Book Review: Lock In

Lock In by John Scalzi, Lock In #1

Fifteen years from now, a new virus sweeps the globe. 95% of those afflicted experience nothing worse than fever and headaches. Four percent suffer acute meningitis, creating the largest medical crisis in history. And one percent find themselves “locked in”—fully awake and aware, but unable to move or respond to stimulus.

One per cent doesn't seem like a lot. But in the United States, that's 1.7 million people “locked in”...including the President's wife and daughter.

Spurred by grief and the sheer magnitude of the suffering, America undertakes a massive scientific initiative. Nothing can restore the ability to control their own bodies to the locked in. But then two new technologies emerge. One is a virtual-reality environment, “The Agora,” in which the locked-in can interact with other humans, both locked-in and not. The other is the discovery that a few rare individuals have brains that are receptive to being controlled by others, meaning that from time to time, those who are locked in can “ride” these people and use their bodies as if they were their own.

This skill is quickly regulated, licensed, bonded, and controlled. Nothing can go wrong. Certainly nobody would be tempted to misuse it, for murder, for political power, or worse....

I think it has been two months already since I started the Short Fiction Friday feature on the blog and when I tweeted I was open for submissions I got a heads-up from Tiemen Zwaan (@TiemenZwaan) about the short story Unlocked: An Oral History of Haden's Syndrome. By that time I had heard of Lock In but not of that particular short story. Well I liked it, actually I liked a lot. Now I just had to wait for my copy of Lock In to arrive... I devoured this book in a single day. It is really good stuff. I have only read Old Man's War by John Scalzi so far and here he breaks some tropes by introducing very cool and unorthodox subjects. I am also going to say that Lock In will definitely make my Best of 2014 list. Guaranteed. I don't think I have gotten the same feeling after finishing a Science Fiction book since I read Love Minus Eighty.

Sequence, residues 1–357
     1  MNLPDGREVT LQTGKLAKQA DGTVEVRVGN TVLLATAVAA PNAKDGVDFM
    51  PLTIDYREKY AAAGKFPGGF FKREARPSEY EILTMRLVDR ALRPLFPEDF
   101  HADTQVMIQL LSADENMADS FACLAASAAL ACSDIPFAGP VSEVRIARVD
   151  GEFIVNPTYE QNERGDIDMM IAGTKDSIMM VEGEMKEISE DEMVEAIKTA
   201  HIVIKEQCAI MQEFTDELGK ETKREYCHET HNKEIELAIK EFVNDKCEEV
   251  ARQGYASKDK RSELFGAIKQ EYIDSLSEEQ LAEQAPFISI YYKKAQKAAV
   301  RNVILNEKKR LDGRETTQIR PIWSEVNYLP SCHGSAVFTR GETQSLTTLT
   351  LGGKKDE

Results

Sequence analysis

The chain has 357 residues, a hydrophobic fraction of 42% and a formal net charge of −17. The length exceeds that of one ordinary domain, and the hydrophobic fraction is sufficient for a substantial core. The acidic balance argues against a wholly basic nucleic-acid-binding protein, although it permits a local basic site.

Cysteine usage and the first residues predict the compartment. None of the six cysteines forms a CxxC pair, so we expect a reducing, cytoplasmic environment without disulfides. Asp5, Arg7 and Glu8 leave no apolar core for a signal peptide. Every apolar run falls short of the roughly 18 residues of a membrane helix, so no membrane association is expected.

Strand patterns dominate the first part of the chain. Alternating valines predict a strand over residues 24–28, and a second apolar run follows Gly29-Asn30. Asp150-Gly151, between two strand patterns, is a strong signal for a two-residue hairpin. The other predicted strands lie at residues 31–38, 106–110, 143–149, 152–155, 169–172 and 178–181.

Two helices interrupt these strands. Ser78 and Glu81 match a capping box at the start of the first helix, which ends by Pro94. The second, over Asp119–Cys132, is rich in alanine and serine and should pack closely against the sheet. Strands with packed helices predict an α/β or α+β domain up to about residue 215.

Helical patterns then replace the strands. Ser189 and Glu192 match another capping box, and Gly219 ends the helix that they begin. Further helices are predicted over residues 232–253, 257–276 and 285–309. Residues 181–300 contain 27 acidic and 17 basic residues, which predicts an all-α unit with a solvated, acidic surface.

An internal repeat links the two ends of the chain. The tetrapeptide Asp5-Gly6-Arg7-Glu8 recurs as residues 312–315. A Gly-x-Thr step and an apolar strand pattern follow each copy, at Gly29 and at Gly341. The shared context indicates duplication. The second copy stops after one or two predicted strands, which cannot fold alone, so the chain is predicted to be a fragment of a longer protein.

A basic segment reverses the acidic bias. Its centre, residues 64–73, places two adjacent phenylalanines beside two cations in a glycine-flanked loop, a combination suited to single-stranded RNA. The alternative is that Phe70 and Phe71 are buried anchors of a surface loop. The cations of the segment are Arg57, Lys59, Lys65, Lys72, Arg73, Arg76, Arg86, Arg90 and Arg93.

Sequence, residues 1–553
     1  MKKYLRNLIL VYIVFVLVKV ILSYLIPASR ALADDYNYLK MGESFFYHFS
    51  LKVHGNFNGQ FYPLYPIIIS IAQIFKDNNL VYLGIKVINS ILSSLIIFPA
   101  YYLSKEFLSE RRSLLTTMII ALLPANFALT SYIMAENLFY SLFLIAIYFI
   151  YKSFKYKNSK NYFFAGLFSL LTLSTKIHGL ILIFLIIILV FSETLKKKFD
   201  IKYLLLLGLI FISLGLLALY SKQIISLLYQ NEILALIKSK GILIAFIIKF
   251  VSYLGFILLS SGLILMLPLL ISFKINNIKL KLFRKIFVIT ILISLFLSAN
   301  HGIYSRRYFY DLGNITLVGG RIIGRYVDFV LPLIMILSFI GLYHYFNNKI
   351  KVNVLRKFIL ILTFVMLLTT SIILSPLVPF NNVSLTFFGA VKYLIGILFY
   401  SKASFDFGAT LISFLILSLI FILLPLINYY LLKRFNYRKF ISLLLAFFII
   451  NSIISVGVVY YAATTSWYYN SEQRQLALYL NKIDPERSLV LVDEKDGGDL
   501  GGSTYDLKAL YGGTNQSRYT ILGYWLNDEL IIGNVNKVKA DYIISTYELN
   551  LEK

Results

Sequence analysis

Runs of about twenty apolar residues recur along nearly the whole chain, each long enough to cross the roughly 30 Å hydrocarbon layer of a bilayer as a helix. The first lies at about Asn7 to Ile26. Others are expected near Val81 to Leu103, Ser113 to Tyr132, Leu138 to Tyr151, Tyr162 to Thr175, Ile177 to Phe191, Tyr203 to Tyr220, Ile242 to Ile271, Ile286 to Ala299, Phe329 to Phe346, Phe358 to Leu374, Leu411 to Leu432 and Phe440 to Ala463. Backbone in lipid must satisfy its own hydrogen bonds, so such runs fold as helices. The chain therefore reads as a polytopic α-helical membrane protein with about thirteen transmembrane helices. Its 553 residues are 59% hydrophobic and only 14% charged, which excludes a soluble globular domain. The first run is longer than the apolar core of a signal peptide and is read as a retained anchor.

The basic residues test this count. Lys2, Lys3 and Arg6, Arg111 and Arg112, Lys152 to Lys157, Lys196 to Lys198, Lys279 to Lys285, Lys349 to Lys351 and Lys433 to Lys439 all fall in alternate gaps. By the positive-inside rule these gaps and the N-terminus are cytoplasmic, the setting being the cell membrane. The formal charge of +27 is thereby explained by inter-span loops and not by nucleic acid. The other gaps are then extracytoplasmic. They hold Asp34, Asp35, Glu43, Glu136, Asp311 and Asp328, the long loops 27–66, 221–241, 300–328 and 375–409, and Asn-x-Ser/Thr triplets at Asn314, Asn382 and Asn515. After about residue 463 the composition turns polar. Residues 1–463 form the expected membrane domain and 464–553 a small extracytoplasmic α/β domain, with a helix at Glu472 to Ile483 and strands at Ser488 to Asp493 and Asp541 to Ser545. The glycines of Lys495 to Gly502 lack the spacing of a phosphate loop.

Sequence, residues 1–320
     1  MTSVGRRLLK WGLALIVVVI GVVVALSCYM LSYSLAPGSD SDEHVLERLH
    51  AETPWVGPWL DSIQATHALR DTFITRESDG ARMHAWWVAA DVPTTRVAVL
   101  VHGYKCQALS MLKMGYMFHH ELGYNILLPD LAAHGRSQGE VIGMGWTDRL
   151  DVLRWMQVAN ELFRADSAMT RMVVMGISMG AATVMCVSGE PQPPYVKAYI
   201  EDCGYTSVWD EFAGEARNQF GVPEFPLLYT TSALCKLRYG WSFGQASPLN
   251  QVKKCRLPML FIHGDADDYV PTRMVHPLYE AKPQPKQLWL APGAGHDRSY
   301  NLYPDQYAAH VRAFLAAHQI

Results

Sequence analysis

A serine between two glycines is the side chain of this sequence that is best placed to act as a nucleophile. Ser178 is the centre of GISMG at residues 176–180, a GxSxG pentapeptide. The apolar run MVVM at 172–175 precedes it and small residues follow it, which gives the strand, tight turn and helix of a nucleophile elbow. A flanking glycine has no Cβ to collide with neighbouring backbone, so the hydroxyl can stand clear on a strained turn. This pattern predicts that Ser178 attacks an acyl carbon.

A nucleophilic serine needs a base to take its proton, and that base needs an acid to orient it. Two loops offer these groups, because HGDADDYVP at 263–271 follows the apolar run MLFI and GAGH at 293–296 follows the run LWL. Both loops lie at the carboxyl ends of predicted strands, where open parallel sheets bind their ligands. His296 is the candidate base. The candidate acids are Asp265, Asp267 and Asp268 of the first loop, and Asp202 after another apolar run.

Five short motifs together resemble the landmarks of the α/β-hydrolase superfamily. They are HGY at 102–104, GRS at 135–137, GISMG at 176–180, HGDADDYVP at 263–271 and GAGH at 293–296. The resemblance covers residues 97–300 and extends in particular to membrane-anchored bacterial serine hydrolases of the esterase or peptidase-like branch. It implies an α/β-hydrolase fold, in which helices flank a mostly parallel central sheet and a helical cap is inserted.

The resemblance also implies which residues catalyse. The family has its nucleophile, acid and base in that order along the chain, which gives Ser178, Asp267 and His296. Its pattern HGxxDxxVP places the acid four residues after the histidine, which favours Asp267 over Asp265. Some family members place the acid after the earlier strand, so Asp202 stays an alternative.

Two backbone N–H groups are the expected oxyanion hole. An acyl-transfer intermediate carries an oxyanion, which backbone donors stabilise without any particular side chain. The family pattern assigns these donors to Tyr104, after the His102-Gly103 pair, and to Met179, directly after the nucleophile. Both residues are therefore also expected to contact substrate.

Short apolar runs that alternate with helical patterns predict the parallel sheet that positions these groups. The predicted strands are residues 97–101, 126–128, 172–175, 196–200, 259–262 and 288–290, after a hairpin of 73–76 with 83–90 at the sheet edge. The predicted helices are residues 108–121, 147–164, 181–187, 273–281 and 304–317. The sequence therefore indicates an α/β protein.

I do have to say that the tone of the book is quite different that the short story of Unlocked: An Oral History of Haden's Syndrome. The focus in Lock In is directly on an police investigation and I do therefore recommend that you pick up Unlocked prior to reading Lock In as it for starters gives a lot of history to the story which will allow you to understand much more of what is going on and secondly it's pretty awesome, do you need more of an excuse? Anyway back to the story. Lock In takes place a few years from our own date, though there are many Science Fiction elements in the book it more revolves around being a murder mystery investigation that goes quite towards a thrilling theme as well. In the introducing chapters of the book you get introduced the two lead protagonists that you follow for the remainder of it. Veteran Federal agent Leslie Vann, who needs a new partner as her last one quit on some questionable grounds and the new rookie Federal agent and Vann's new partner Chris Shane, who is a "Haden" himself. They are called upon to investigate a crime scene with an Integrator (I will get to this in a minute), who has supposidley, the evidence is pointing his direction, committed the murder. One aspect of these Integrators is that they are able to harbor inside of their minds, the mind of an Haden, it's like a take over. Now many questions are being raised because did this Integrator commit the murder on his own? Or was their an Haden in the Integrator that committed this horrendous crime? If you look at all the evidence and what Integrators are and mostly where the boundaries lie, the latter case is most unlikely, but just what if... Vann and Shane really have their task cut out for them to solve this very complicated murder case and bring to justice the real person... This might sound like a pretty straightforward investigation story but trust it is not anything you have read before, I was impressed and still am by the world that John Scalzi managed to create and the idea's he is bringing to the front in Lock In.